By the time he was in his teens, Mandela – in common with teens everywhere – was ready and eager to kick against the world. His was no aimless rebellion, though. He was already fixing his focus on what would become his life's struggle. While in prison in the mid-1970s, he worked on a volume of autobiography that was never to be published. In it, he described how he felt his destiny even as a student: 'At college I had come to believe that as a graduate I would automatically be at the head, leading my people in all their efforts.'
A letter he wrote in 1976 from his cell on Robben Island to the then Commissioner of Prisons, Gen. Du Preez, offers further evidence of his indomitable spirit and his refusal to bow to others: 'I have never regarded any man as my superior, either in my life outside or inside prison.'
Like all the great rebels, he understood that his life's work would bring with it many setbacks to cope with. Indeed, dealing with the setbacks is part of the work. In 1998 he addressed a reception at the White House in Washington. By then his prison days were behind him and instead he was the celebrated President of the fully democratic 'Rainbow Nation'. But even then, the shadow of the youthful rebel was apparent as he highlighted the life-affirming nature of struggle: 'If our expectations – if our fondest prayers and dreams – are not realized, then we should all bear in mind that the greatest glory of living lies not in never falling, but in rising every time you fall.'CHAPTER 4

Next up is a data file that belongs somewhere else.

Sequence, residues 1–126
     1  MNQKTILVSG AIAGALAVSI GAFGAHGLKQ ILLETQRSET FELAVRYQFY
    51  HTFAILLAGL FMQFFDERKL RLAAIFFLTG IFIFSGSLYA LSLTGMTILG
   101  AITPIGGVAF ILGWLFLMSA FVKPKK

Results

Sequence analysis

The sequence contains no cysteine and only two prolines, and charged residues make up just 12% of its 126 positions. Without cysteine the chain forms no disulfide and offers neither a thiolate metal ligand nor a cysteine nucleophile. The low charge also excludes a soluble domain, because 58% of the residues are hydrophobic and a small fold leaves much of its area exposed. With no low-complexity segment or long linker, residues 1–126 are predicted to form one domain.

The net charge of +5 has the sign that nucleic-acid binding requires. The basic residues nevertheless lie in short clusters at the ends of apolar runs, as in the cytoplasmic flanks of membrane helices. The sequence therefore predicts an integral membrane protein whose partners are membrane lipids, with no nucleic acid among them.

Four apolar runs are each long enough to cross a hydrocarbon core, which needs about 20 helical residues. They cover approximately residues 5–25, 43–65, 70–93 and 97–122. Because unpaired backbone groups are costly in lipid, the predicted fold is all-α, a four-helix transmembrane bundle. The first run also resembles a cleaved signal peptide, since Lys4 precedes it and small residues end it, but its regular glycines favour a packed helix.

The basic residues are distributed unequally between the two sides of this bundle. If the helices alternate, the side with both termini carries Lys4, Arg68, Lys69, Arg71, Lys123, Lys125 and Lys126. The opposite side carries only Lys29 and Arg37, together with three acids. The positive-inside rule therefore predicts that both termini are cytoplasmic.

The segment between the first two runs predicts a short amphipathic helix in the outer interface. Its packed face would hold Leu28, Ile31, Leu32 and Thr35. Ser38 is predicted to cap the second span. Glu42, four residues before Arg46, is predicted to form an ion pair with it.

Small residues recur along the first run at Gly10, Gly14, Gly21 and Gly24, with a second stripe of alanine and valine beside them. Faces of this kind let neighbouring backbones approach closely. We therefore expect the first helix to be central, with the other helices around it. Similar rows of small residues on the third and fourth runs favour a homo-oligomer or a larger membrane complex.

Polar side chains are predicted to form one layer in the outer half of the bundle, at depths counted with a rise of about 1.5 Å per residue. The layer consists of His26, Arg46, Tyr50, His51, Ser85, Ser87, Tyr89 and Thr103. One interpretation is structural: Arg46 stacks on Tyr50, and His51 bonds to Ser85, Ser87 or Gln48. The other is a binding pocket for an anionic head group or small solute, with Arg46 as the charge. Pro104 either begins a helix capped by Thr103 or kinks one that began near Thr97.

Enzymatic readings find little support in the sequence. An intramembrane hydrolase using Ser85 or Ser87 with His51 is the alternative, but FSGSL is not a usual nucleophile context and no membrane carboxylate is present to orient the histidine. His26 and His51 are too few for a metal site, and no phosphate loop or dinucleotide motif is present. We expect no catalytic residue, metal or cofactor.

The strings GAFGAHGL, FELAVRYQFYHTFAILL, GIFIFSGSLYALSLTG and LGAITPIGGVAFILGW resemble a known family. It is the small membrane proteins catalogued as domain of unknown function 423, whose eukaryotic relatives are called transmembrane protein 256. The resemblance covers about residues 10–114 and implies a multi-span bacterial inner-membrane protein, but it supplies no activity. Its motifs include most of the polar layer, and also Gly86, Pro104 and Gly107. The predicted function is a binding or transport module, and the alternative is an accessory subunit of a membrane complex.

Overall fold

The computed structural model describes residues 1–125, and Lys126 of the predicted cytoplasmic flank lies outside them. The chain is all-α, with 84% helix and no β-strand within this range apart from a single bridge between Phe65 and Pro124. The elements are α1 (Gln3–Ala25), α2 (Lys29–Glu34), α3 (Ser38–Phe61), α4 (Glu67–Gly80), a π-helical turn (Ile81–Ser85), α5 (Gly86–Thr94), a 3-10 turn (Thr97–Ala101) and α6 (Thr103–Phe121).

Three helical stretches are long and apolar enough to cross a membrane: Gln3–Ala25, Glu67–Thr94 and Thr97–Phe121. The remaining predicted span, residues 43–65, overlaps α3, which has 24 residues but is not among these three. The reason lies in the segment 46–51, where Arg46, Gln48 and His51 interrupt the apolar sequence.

'Education is the most powerful weapon which you can use to change the world.'
NELSON MANDELA AT THE LAUNCH OF THE MINDSET NETWORK, 2003
In a country where the illiteracy rate among the black population stood at around 90 per cent at the 1921 census, Mandela always valued the power of education to precipitate social progress. He was the first member of his family to attend school(according to Mandela: 'Mother could neither read nor write and had no means to send me to school'), going to a local Methodist-run institution from the age of seven with the financial assistance of his clan.
Excerpted from How to Think Like Mandela by Daniel Smith. Copyright © 2014 Michael O'Mara Books Limited. Excerpted by permission of Michael O'Mara Books Limited.